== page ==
Fast forward to 2010. With government primarily regulating safety, the market shapes most other airline decisions.  According to the Wall Street Journal, four variables affect airline ticket pricing: 1) Competition from low-cost carriers for a specific route (When Southwest selects your route, fares drop.) 2) The number of carriers in the market for a specific route (More carriers…lower fares) 3) Whether passengers are discretionary or business travelers 4) Operating costs that would include landing fees and other airport expenses.

    The Economic Lesson

    A competitive market structure shapes a firm’s behavior. When government ran the industry, firms tended to behave like monopolies They had guaranteed profits, behaved inefficiently, and charged high prices.

    Now, with the market in charge, different routes have different market structures. When several airlines compete, and especially if one of those airlines is a discount carrier, fares tend to decrease. By contrast when the market is an oligopoly or one firm dominates, fares rise because the firm has more power. 

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    FDR and Obama: Similar or Different?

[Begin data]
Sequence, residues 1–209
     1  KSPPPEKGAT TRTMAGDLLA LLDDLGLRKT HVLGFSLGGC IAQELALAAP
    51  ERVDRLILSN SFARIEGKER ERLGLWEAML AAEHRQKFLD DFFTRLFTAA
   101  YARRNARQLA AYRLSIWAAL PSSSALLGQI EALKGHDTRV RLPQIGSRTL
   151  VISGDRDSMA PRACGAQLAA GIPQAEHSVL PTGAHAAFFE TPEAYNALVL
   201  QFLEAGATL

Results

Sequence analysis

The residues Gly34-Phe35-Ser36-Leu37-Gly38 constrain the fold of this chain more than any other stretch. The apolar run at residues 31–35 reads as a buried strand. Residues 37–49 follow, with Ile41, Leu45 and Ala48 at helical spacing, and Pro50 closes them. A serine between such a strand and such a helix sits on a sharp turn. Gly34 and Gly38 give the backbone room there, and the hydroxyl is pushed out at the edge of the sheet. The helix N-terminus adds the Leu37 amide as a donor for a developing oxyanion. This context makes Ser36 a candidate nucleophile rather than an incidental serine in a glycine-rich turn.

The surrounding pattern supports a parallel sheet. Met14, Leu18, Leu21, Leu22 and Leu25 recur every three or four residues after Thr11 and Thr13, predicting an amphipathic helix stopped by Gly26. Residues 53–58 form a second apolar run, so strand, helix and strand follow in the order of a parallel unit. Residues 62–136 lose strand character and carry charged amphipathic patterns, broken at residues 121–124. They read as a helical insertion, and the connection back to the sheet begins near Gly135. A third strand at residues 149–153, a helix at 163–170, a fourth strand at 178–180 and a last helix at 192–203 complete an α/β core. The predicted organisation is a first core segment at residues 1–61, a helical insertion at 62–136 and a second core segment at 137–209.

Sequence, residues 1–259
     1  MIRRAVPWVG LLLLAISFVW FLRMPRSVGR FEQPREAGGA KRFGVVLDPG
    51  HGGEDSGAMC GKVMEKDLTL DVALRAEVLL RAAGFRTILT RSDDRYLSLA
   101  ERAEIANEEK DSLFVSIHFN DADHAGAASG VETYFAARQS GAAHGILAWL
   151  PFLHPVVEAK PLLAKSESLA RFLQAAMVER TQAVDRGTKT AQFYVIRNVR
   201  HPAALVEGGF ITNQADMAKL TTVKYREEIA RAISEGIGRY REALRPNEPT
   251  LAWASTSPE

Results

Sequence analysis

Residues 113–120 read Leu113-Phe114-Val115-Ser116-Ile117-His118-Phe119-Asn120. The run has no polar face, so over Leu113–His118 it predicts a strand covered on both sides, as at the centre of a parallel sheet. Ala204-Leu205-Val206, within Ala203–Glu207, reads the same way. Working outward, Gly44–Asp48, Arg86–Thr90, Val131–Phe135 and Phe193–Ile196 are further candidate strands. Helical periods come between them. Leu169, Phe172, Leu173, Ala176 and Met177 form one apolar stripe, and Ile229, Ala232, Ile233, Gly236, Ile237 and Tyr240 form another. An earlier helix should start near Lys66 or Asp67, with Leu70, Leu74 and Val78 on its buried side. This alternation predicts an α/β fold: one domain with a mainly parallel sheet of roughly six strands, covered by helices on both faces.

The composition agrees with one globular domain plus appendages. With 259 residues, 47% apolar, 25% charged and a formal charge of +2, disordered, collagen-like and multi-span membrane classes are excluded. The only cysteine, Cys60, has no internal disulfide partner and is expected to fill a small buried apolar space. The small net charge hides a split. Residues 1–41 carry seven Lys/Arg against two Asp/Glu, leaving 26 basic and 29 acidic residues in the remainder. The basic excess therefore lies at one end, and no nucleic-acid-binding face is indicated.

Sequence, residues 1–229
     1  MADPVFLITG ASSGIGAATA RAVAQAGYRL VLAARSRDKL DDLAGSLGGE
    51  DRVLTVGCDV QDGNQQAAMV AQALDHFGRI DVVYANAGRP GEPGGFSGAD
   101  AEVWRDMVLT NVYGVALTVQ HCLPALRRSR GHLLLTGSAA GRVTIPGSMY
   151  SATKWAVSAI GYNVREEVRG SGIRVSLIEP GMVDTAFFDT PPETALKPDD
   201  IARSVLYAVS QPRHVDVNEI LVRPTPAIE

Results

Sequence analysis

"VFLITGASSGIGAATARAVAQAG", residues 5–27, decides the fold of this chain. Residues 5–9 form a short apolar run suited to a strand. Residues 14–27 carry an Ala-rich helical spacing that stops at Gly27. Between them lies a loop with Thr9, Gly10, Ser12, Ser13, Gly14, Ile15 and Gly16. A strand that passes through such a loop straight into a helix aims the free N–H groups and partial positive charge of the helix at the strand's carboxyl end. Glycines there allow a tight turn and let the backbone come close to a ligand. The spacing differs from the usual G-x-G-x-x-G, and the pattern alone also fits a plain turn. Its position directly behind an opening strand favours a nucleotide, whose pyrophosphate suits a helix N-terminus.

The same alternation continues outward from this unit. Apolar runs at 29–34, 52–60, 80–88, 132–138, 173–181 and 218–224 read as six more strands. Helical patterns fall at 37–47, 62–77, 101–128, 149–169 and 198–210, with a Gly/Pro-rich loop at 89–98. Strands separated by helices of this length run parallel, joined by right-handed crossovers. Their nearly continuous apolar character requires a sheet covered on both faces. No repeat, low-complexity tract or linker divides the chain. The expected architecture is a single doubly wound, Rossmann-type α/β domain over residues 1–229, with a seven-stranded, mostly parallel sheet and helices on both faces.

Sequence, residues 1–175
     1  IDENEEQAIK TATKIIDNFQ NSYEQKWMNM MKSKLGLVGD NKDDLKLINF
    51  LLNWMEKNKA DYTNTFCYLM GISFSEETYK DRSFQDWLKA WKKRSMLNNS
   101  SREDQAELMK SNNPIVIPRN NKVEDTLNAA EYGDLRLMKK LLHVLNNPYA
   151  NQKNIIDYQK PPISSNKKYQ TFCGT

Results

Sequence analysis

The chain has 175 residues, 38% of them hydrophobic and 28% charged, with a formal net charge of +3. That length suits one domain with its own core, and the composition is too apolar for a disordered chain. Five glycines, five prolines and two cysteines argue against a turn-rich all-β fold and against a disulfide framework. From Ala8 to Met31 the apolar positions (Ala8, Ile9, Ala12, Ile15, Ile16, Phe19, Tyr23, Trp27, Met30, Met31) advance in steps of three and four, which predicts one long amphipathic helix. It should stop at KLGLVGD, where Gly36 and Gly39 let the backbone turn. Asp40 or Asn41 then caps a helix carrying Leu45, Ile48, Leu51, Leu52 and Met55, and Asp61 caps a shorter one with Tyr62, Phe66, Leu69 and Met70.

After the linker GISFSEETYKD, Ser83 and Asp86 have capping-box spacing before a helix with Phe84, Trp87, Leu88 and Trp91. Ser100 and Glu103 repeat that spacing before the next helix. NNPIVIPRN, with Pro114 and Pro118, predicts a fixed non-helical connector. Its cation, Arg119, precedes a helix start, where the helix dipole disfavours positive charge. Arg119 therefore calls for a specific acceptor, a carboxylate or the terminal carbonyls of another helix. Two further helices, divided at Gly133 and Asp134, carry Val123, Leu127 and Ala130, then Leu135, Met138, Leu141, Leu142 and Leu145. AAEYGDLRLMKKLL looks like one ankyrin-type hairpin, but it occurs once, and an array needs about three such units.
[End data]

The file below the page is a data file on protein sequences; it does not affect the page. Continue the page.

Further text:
Aug 26 • Economic History, Government, Macroeconomic Measurement, Money and Monetary Policy • 375 Views

    If this were 1930 or 1931, you would think you were experiencing a cyclical downturn–not a Great Depression. In an econtalk interview, Stanford’s David Kennedy begins this way, placing the listener in a contemporary context. Instead of looking backward at the Great Depression, we look forward to the 1930s.

    I recommend this podcast because Dr. Kennedy and George Mason economist Russ Roberts discuss facts from the 1930s that relate to today. Then we, as listeners can decide how contemporary economic policy and politics compare to that era. Kennedy alludes to “Black Swans“. If the Great Depression was perhaps the greatest Black Swan, how will this Great Recession compare? 

    Looking at presidential policy, he says we make President Hoover worse than he was and FDR better. While Hoover wound up not doing enough, he did initiate policies to fight the downturn and the Smoot-Hawley Tariff. By contrast, Dr. Kennedy reminds us that when FDR was president, unemployment remained high and production sluggish. Dr. Kennedy hypothesizes that perhaps FDR cared much more about creating a safety net for the bottom third of the economic population fighting the depression. After all, during the Roosevelt presidency the Social Security Act, Fannie Mae and the SEC were created.